Renewing Our Inheritance
From early in the Church's history, Holy Week and Easter have inspired many profound artistic works, and for good reason. The events honored during this all-too-brief season invite creative commemoration, especially in music. They were and are the fulfillment of the redemptive love of God, of his eternal purposes being realized in history, and no art form expresses the mysterious relationship between time and eternity and between the personal and the cosmic better than music.
Those living through this history were propelled into a range of intense human emotion and spiritual alertness; their response has been conveyed (however approximately) to subsequent generations through poetry, visual representation, and musical forms. Music may have an edge on those other modes of communication: as philosopher Susanne Langer argued in Problems of Art, music sounds as feelings feel.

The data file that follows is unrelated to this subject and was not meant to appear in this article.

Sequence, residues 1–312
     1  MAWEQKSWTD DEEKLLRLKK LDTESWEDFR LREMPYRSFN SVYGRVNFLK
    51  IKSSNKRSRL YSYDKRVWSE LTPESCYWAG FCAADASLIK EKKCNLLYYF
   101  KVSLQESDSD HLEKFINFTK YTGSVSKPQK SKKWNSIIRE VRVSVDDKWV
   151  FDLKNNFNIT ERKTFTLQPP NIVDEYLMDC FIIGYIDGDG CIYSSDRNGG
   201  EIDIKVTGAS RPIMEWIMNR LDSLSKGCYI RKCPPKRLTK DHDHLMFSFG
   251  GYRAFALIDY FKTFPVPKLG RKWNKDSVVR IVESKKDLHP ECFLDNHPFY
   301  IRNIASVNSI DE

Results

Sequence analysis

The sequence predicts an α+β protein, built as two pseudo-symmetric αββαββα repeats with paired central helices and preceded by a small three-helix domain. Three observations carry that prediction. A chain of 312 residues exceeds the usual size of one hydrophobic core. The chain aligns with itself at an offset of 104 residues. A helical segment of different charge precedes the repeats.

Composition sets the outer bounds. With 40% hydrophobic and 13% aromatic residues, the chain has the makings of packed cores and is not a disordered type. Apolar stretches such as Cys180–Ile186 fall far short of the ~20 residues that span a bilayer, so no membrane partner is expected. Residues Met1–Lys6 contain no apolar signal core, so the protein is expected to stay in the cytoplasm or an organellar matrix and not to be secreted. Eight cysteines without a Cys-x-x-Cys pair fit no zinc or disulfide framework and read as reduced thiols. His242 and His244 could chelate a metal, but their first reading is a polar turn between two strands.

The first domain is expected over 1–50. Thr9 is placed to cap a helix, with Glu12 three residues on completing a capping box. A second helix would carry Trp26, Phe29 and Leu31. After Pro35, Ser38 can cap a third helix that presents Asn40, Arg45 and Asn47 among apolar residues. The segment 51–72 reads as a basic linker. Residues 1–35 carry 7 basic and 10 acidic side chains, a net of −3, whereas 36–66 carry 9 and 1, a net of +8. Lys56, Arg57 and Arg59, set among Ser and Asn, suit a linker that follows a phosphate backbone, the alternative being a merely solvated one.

The significance of this sequence of experiences cannot be received without the engagement of sanctified imaginations and the welcome assistance of gifted servants capable of conveying to our minds and bodies the drama implicit in this victorious divine incursion. During the sacred meal shared with the disciples on the night in which he was betrayed, Christ gave a command to remember, a command followed by the singing—from memory—of one of the songs of Zion. Even in the midst of his suffering, our Lord quoted from the hymns of his ancestors. He recalled their history and articulated his membership in it by remembering their songs.
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Ken Myers is the host and producer of the Mars Hill Audio Journal. Formerly an arts editor with National Public Radio, he also served as editor of Eternity, the Evangelical monthly magazine, and This World, the quarterly predecessor to First Things. He also serves as music director at All Saints Anglican Church in Ivy, Virginia. He is a contributing editor for Touchstone.
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